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Second Generation of Profound Leadership Learning

Posted on May 26, 2015
Kaaren Pearce

Kaaren Pearce

As the young daughter of a Canadian Armed Forces member, Kaaren Pearce regularly received letters from foreign lands from where her father was stationed. As the eldest child she was responsible for reading them to her younger brothers to keep them updated on his peacekeeping missions abroad.

At the age of eight, a note came to Kaaren addressed from Banff, Alberta. Unlike the others, this letter was written specifically for her. While taking part in a six-week leadership program at The Banff Centre, her father shared how the courses were making a real difference in helping shape his outlook on leadership; not only how it applied to his work, but also to his community and family.

“We had a very close relationship, but looking back, this was the first time he wrote to me as an adult,” said Kaaren. “It made me realize that grown-ups don’t have all the answers. That they get scared and are challenged and that’s ok.”

From that point forward, her father regularly challenged her to find new ways to look at things. “He was my go-to for advice. I often called looking for answers. He always listened and helped guide me to make the right choice. When they were the wrong choices, he was there to help me sort it out and make sure I learned from my mistakes. He was a great leader,” Kaaren said.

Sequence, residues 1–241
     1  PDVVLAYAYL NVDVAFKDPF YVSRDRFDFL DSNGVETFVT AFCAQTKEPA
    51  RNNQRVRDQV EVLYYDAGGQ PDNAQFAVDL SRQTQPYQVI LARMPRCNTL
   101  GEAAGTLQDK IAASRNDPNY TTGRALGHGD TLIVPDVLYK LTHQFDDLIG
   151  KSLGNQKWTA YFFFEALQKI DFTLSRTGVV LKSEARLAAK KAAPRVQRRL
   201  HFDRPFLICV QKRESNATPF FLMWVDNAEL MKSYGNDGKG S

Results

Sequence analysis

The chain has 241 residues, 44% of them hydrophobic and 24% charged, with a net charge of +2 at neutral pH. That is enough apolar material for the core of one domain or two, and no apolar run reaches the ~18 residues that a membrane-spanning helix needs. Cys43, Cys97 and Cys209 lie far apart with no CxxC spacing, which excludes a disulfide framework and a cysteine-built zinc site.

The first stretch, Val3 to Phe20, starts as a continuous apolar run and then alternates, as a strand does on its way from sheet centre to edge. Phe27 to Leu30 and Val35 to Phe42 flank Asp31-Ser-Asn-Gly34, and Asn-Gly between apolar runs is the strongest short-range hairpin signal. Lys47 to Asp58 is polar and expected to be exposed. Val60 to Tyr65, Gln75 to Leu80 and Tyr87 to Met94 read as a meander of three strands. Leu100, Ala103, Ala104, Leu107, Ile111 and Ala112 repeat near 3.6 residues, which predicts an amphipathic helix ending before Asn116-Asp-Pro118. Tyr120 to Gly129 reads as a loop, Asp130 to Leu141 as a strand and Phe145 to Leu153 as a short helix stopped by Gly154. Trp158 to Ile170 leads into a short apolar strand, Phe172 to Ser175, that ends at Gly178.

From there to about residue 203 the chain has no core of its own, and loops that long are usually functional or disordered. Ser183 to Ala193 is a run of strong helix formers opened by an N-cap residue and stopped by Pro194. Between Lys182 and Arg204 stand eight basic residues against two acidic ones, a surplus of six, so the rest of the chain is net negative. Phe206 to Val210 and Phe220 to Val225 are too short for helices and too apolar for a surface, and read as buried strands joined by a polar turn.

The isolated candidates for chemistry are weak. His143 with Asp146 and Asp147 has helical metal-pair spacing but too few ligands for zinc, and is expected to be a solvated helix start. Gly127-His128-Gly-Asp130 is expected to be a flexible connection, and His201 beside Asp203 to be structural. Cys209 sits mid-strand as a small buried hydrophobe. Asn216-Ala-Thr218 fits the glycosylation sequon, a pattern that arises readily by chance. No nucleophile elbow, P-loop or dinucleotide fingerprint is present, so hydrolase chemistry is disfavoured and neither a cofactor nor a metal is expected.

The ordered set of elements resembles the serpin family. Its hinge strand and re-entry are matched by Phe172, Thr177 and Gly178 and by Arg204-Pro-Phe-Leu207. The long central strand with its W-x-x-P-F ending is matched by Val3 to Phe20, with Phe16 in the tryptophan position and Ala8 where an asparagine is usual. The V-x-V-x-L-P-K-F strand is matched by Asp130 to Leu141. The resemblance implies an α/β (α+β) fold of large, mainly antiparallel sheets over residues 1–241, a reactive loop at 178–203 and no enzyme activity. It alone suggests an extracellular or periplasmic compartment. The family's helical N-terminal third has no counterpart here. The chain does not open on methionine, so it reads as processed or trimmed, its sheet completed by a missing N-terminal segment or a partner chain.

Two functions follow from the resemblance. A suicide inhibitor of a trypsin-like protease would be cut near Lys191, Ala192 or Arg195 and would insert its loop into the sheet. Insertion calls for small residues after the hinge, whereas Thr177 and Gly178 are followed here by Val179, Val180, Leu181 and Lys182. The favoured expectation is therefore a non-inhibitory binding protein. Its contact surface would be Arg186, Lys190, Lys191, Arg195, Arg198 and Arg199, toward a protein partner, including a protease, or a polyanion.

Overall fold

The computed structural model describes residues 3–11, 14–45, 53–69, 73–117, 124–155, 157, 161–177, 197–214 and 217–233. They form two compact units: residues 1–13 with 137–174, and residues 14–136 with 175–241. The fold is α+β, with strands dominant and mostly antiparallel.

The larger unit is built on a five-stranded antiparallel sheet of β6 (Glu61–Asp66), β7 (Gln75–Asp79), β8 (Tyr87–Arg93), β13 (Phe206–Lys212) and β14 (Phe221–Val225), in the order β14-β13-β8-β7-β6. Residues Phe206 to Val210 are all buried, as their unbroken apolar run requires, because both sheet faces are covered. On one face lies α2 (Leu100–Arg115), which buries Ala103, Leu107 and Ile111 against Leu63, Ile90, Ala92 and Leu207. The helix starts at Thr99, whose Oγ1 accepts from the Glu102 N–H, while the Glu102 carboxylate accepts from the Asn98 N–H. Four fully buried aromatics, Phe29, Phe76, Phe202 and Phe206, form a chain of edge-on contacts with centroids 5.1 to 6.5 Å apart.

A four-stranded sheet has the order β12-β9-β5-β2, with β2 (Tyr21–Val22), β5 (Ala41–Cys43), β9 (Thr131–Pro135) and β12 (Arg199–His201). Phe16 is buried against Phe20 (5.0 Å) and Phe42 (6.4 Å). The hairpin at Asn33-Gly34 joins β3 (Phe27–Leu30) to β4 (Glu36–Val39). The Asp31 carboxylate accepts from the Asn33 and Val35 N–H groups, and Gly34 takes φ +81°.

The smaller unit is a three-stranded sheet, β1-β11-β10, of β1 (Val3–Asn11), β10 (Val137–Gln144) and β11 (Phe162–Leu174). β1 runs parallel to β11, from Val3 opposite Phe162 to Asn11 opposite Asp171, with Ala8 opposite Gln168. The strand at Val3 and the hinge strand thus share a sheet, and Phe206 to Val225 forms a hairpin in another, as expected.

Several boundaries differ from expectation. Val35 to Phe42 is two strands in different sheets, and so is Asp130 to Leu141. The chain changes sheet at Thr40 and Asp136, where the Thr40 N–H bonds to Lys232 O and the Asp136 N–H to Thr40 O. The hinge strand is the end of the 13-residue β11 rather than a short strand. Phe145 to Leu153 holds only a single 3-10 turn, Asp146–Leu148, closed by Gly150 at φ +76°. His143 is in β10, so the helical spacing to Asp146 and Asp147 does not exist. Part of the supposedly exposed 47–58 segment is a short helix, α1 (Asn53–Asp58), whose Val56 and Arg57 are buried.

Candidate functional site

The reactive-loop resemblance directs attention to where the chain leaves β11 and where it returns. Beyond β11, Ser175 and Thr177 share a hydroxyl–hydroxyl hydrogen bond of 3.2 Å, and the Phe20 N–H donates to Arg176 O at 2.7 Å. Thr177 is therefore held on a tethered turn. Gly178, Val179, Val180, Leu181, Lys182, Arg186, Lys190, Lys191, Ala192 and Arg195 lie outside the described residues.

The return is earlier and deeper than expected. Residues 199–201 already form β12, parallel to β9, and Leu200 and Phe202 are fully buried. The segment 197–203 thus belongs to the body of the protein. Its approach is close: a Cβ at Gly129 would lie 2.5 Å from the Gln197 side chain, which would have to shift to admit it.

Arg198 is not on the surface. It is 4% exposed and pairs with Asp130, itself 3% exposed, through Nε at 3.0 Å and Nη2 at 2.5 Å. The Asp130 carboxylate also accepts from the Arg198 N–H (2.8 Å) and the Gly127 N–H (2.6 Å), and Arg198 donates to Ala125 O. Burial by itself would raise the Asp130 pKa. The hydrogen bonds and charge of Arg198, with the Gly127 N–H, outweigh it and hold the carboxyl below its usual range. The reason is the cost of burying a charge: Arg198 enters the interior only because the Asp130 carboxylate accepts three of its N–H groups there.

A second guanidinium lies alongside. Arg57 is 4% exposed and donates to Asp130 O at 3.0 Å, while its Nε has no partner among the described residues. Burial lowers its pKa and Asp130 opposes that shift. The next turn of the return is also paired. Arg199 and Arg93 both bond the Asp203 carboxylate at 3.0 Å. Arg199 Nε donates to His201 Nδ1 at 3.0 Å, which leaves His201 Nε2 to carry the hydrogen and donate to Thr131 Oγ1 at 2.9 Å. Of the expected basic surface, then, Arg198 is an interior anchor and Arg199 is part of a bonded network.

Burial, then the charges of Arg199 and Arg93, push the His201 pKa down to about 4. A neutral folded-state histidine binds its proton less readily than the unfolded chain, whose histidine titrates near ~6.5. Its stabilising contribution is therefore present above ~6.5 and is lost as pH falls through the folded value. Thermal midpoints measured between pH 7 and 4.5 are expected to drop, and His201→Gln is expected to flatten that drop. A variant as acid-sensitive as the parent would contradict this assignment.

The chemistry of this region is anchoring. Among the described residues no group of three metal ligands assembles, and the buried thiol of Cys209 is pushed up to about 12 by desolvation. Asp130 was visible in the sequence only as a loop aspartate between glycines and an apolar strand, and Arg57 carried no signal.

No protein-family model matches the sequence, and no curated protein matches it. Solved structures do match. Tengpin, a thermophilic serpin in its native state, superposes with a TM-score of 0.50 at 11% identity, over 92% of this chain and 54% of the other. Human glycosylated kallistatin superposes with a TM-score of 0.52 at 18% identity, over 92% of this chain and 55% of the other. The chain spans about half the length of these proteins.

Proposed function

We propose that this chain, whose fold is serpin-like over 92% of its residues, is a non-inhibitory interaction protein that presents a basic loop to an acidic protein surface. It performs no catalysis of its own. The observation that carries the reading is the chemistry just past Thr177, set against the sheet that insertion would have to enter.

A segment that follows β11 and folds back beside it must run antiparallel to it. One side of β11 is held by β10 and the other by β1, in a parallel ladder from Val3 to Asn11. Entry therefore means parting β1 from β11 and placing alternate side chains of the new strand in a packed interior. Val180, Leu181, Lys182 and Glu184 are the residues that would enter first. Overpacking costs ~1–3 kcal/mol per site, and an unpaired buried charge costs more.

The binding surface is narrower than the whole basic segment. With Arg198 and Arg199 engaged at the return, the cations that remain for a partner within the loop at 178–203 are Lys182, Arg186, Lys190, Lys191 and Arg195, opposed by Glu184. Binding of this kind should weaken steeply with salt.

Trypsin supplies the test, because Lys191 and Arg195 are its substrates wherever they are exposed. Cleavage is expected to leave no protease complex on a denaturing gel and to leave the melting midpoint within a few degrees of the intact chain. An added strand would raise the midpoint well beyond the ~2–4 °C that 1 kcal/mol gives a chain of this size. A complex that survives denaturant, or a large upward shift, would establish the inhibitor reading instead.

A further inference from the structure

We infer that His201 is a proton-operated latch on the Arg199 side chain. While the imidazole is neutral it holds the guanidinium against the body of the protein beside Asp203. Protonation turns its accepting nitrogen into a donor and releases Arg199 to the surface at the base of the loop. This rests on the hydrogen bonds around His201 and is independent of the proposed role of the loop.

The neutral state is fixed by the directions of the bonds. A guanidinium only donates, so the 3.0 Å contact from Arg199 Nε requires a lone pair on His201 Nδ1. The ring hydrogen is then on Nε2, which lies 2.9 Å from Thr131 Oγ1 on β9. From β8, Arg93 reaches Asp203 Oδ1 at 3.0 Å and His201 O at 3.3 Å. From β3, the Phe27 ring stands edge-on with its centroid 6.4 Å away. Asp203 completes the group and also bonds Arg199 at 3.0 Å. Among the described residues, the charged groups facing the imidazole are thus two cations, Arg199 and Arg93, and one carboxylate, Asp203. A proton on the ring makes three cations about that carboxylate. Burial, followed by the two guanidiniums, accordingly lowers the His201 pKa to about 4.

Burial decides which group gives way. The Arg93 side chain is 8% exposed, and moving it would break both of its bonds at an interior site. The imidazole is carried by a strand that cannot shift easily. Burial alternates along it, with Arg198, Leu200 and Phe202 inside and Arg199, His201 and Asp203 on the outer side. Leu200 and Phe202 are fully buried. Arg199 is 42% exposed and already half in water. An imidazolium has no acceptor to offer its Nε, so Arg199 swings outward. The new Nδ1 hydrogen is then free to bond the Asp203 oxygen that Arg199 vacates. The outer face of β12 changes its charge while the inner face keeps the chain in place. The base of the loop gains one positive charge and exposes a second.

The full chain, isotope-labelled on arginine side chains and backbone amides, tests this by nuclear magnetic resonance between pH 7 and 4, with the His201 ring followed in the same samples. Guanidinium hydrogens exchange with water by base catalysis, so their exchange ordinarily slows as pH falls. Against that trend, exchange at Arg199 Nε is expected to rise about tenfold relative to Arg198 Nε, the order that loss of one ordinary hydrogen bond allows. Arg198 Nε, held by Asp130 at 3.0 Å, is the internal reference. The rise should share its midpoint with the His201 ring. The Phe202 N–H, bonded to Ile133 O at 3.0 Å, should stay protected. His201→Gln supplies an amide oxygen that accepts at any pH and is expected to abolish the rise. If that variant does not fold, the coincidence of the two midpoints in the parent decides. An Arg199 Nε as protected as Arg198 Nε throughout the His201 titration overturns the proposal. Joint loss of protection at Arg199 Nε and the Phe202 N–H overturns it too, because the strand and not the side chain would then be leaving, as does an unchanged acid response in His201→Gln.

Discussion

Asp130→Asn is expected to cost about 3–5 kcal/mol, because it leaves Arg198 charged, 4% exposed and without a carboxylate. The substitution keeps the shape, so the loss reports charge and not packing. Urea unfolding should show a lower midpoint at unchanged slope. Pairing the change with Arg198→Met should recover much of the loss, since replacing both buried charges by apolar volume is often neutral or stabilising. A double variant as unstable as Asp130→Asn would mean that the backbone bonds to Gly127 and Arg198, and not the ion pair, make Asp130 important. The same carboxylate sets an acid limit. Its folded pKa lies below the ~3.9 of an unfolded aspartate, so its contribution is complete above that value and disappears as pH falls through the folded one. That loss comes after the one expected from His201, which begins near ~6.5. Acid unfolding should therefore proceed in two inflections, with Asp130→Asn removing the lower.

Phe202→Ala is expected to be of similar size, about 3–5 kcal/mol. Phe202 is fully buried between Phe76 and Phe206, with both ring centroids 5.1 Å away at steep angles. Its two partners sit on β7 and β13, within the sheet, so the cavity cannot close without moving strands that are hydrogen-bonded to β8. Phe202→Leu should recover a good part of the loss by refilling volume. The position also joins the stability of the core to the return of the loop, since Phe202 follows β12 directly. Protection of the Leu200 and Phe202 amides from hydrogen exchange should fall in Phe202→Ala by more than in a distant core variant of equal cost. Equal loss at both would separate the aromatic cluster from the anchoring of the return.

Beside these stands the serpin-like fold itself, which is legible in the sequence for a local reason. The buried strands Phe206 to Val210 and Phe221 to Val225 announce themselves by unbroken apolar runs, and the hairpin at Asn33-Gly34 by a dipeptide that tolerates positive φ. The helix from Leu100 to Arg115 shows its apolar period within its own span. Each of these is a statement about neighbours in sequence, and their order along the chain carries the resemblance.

Kaaren is currently in a senior management position as the Director of Grounds for Winnipeg’s Assiniboine Park Conservancy. A horticulturalist and arborist by trade, she recently decided to increase her business acumen, grow her peer network, and add to her existing management experience by earning her Certificate in Strategic Leadership from the Peter Lougheed Leadership Institute at The Banff Centre with help from funding opportunities and organizational support.

“I was nervous. Most of the people in my class were CEO’s and other senior managers. I really did not think I was one of them and I was wondering what the heck I was doing with all these highly successful people,” she said. “Through the mentorship and connections I made I have the confidence to say I belong here, I deserve to be here, and I can only get better at this. This campus lends itself to amazing things.”

At a recent strategic planning meeting at the Winnipeg’s Assiniboine Park Conservancy, an initiative Kaaren has been spearheading was chosen as a focal point for her organization moving forward. She has since briefed her business unit on the Liberating Structures course work and an email-based performance management program iDoneThis both of which were introduced to her in her most recent program at The Peter Lougheed Leadership Institiute, Creating Positive Change.

“I was struggling with how to reach across all levels of staff at the Winnipeg Assiniboine Park Conservancy. The tools I learned will help me to gain acceptance and buy in from the entire organization. Now I feel very confident that we will succeed in creating the required ensemble that will accomplish this unified idea,” Pearce said.

She is now looking forward to taking these leadership lessons back and applying them first hand: “I will be leading positive change not only for our organization, but the community we live in and the communities we work with. And to be bold, if we do it right we may even change a bit of the world.”